• Washington, DC: Ryan Hunter-Reay

Azerbaijan GP red flagged after 22 laps following chaotic sequence

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The Azerbaijan Grand Prix has been red flagged for debris following a chaotic sequence of laps that saw three safety cars be deployed following multiple incidents, leaving the track covered in debris.

The first safety car was called after Daniil Kvyat stopped out on-track, with the marshals able to recover it with relative ease, but the bunched field on the restart soon descended into chaos.

Debris from Kimi Raikkonen’s Ferrari caused a second safety car period to be called within a lap, but the marshals were again able to clear this easily, allowing Mercedes’ Lewis Hamilton to lead the field away for the second restart.

Hamilton and Ferrari’s Sebastian Vettel made contact twice behind the safety car, leaving debris on-track at Turn 15, with both drivers blaming each other for the incident.

The greater clashes came on the first lap of green flag running as Force India teammates Sergio Perez and Esteban Ocon clashes at Turn 3, the latter bumping Perez into the wall. Both were required to pit for repairs, and while Ocon could get back out, Perez was less fortunate, retiring from the race.

A third safety car was called, with the stewards then deciding to throw a red flag to allow the debris on the track to be cleared.

More to follow…

Hunter-Reay leads warmup at Road America

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A weekend that has been dominated by Chevrolet and Team Penske so far saw Honda jump to the top during morning warmup. Ryan Hunter-Reay was fastest for Andretti Autosport, followed by Max Chilton for Chip Ganassi Racing. Hunter-Reay’s teammate Alexander Rossi ended the session third, making it a Honda 1-2-3 in the morning warmup.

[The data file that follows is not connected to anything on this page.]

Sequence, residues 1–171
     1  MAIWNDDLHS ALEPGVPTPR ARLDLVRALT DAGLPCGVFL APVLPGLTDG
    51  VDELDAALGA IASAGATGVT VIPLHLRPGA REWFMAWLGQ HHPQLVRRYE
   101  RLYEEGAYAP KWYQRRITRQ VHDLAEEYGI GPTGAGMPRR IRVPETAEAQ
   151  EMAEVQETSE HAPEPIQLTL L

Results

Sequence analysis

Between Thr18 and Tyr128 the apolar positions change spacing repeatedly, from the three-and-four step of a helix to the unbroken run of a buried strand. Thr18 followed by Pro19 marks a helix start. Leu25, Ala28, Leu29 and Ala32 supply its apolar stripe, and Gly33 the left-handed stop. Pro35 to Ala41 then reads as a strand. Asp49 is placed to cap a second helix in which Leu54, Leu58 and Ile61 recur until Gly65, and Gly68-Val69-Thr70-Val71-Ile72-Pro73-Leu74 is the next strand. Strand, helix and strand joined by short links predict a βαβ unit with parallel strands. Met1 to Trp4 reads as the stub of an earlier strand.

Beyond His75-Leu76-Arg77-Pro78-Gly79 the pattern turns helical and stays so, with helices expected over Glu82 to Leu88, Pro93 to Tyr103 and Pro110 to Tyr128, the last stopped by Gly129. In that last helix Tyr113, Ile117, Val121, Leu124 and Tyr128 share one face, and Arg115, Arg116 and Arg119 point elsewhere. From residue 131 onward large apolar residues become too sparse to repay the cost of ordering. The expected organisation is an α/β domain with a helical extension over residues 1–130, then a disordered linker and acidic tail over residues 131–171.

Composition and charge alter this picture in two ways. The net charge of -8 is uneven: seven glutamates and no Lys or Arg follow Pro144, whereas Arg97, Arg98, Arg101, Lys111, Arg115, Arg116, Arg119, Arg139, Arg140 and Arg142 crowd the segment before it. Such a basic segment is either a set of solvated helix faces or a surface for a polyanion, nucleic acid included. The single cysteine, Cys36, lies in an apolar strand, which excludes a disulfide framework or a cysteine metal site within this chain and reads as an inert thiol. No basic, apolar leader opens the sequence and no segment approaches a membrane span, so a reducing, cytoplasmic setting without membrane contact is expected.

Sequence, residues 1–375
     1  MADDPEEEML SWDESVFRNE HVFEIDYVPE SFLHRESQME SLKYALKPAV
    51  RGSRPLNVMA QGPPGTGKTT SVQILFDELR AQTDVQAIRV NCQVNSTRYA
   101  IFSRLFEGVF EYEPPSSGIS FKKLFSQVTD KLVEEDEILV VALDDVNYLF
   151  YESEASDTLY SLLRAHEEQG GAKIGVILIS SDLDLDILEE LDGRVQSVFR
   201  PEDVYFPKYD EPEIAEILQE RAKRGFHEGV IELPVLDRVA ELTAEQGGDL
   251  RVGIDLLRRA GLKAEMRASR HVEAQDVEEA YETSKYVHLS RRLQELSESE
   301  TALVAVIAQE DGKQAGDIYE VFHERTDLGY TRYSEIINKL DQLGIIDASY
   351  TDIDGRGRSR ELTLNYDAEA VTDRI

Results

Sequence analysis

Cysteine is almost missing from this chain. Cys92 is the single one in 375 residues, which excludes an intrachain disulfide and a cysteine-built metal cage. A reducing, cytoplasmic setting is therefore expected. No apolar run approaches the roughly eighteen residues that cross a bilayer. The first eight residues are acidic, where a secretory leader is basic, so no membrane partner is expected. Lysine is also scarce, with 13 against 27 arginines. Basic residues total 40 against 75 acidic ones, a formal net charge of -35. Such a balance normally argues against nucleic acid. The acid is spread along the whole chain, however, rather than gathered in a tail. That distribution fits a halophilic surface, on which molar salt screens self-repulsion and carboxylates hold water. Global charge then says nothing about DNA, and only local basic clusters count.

Team Penske’s Simon Pagenaud was the quickest of the Chevrolet camp in fourth, followed by A.J. Foyt Racing’s Carlos Munoz in fifth.

Only 19 of the 21 drivers turned laps during the session, with Chip Ganassi Racing’s Scott Dixon and Andretti Autosport’s Takuma Sato failing to put laps in. Dixon’s No. 9 NTT Data Honda was suffering from fuel pressure problems that kept it in the garage, while Sato was feeling under the weather during the morning, and the No. 26 Andretti Autosport Honda team elected not to go out.

Coverage of the Kohler Grand Prix begins at 12:30 p.m. ET on NBCSN.

 

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Nato takes F2 sprint win in Baku after Leclerc penalty